True Story


I am not ashamed.

Ready for round two of my book obsessions? Today is all about nonfiction. After I completed my Master’s program, I vowed never to pick up nonfiction literature ever again. In my life. At the ripe, old age of mid-twenties, I should have known this was never going to happen. Alas, in my thirties, I have rediscovered nonfiction.

World Literature

Yesterday I mentioned that I love reading stories about other lands and cultures. I love to learn about people, what makes their world different than mine? What can I learn about their life that would make mine more special? Learning about people in other cultures is a huge learning experience and, in some cases, is shockingly inspirational.

For instance, take Deborah Rodriguez‘s Kabul Beauty School. This book is everything nonfiction should be. It is informative, culturally respectful, painstakingly endearing and emotionally moving. The story of women in Afghanistan who are trying against all odds to improve their lives, this is one of those books that makes you appreciate life and want to help others.

Stunt Journalism

I love experiments, especially wacky ones. I think it is because I tend to wonder very strange, specific things. Wonder what life would be like if you spent a year reading the encyclopedia? Or how about if you decided you would give up crappy television? Stunt journalism is where it is at.

My very favorite author in this genre is one I just discovered, AJ Jacobs. Jacobs is a journalist with a wondering mind. He dreams of questions like, What if I decided to live strictly by the bible for one whole year? Or, my favorite: What if I decided to strive to be the most healthy person in the world by trying every diet and exercise known to man? Is there any questions why these books would be entertaining? Most importantly, Jacobs’ desire for the answer seems a genuine curiosity, not a ploy to refute an argument or prove one point. Ah, so that is what it means to be a journalist….

I also adore Jen Lancaster. Lancaster’s books are both biography and at times stunt journalism. She is ridiculous, boisterous, very conservative, preppy, and frankly, a bit of a pain. We have very little in common. I adore her.  These books will make you guffaw and then want to write stories. Her sense of humor when facing the economic downturn, slum landlords and size problems is what I now associate to be the definition “quick-witted”. I follow her blog religiously at Proof that you don’t have to see eye-to-eye with someone to enjoy them.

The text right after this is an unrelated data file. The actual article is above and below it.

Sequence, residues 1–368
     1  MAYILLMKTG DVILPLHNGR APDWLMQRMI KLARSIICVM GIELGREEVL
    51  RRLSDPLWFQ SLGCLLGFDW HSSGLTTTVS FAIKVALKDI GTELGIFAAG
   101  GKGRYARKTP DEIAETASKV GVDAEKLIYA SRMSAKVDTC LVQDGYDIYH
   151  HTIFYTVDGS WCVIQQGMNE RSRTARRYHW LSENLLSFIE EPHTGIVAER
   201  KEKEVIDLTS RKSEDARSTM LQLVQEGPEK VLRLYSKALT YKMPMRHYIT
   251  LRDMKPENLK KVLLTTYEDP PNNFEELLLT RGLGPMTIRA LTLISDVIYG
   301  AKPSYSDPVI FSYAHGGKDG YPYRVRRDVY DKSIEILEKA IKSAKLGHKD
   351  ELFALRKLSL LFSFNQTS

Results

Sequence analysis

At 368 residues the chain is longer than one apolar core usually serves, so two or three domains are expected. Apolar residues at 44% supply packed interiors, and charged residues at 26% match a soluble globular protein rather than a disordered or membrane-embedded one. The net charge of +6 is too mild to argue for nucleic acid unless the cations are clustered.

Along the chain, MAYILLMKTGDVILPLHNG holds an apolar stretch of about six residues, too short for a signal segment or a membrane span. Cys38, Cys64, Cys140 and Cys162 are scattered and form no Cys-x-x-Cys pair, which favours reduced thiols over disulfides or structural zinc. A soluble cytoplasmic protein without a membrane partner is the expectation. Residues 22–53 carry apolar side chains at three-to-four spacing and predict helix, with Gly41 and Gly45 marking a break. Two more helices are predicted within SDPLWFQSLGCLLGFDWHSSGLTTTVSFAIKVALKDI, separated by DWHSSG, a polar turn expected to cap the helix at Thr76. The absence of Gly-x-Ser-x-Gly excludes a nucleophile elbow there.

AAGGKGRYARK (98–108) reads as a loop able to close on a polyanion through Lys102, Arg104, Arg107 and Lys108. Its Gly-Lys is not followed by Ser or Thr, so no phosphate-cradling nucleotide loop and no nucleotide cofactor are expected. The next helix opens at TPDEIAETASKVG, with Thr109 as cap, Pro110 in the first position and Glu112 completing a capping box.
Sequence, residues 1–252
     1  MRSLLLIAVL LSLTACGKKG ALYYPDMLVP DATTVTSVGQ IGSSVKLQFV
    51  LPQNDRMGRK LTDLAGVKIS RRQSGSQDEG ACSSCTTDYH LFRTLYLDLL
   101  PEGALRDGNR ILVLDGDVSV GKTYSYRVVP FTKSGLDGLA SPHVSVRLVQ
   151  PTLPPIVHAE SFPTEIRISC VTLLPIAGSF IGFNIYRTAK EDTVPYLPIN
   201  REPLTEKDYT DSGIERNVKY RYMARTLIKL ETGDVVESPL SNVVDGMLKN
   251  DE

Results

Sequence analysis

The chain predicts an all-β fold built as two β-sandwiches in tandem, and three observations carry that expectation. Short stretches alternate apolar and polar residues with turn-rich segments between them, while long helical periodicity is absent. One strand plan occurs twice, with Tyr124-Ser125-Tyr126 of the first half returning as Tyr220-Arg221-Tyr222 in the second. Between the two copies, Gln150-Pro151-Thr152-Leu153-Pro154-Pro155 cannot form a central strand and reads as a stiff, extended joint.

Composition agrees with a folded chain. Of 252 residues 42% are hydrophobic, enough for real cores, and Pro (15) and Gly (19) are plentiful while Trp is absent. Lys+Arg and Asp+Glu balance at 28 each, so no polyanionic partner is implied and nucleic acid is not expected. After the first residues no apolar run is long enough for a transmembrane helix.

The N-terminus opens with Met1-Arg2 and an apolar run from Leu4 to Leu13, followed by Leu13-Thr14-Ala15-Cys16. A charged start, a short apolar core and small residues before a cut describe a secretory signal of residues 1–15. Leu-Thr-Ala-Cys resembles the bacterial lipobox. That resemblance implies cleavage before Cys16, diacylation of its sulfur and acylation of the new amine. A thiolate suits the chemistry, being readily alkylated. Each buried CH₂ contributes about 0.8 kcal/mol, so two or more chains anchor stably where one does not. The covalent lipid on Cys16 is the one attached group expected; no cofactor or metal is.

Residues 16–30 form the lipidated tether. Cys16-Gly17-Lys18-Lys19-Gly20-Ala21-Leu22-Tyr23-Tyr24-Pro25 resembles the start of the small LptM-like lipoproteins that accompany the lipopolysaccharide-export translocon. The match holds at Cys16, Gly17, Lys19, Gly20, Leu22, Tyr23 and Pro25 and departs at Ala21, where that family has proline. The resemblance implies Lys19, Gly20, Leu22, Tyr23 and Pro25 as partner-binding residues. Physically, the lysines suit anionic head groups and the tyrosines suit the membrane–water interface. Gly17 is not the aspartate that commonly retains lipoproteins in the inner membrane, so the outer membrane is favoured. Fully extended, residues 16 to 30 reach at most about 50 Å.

I’m really into celebrity memoir and biography right now. But it is strictly in audiobook form, read by the author and it has to be funny. I don’t want to hear your sob story (which really isn’t so sob-worthy when you put it in perspective with, say those ladies in Afghanistan) or listen to you complain about oh how hard Hollywood is, wah. I love funny books by celebrities and here are some of my favorites:

Chelsea Handler is a terrible person and her books are quick, ridiculous reads. They really even shouldn’t be books. But she makes me laugh and snort out loud, particularly when I am on a plane. I think she wants people to leer at me.

Mindy Kaling is adorable, smart and witty. I love her television show and her recent biography Is Everyone Hanging Out Without Me? (And Other Concerns) is just plain adorable. Her story is so sweet that you really, really want nothing but great things for her.

Tina Fey, Tina Fey. Why did you ever leave SNL?  Bossypants is one of the top favorite books I’ve read in the past five years. It is also the first book I bought on my Kindle because I was dying to read it and was #567 on the library queue. She is smart, funny and I wish I could be her. Also, the cover is one of the most disturbing things I’ve ever seen.

Ellen DeGeneres. Funny lady + she makes you smile = great books. Enuf said.


I’m not a fan of science. I may have been good at it, in like 6th grade but from there on…meh. And then came Mary Roach. She makes science fun and interesting, and usually a bit disgusting. And great to read. The first book I read of hers was Bonk: The Curious Coupling of Science and Sex which is hilarious, embarassing and every emotion in between. I moved on to Spook: Science Tackles the Afterlife to learn about the history of ghosts in human history and belief. So, so good. The rest of her books are in my to-read pile as we speak.

Ah….okay, I think I’ve told you all I’ve wanted. Have you added a few new books to your list? I hope so.

Can I stop calling people idiots now? Hopefully you all have library cards in your wallets.




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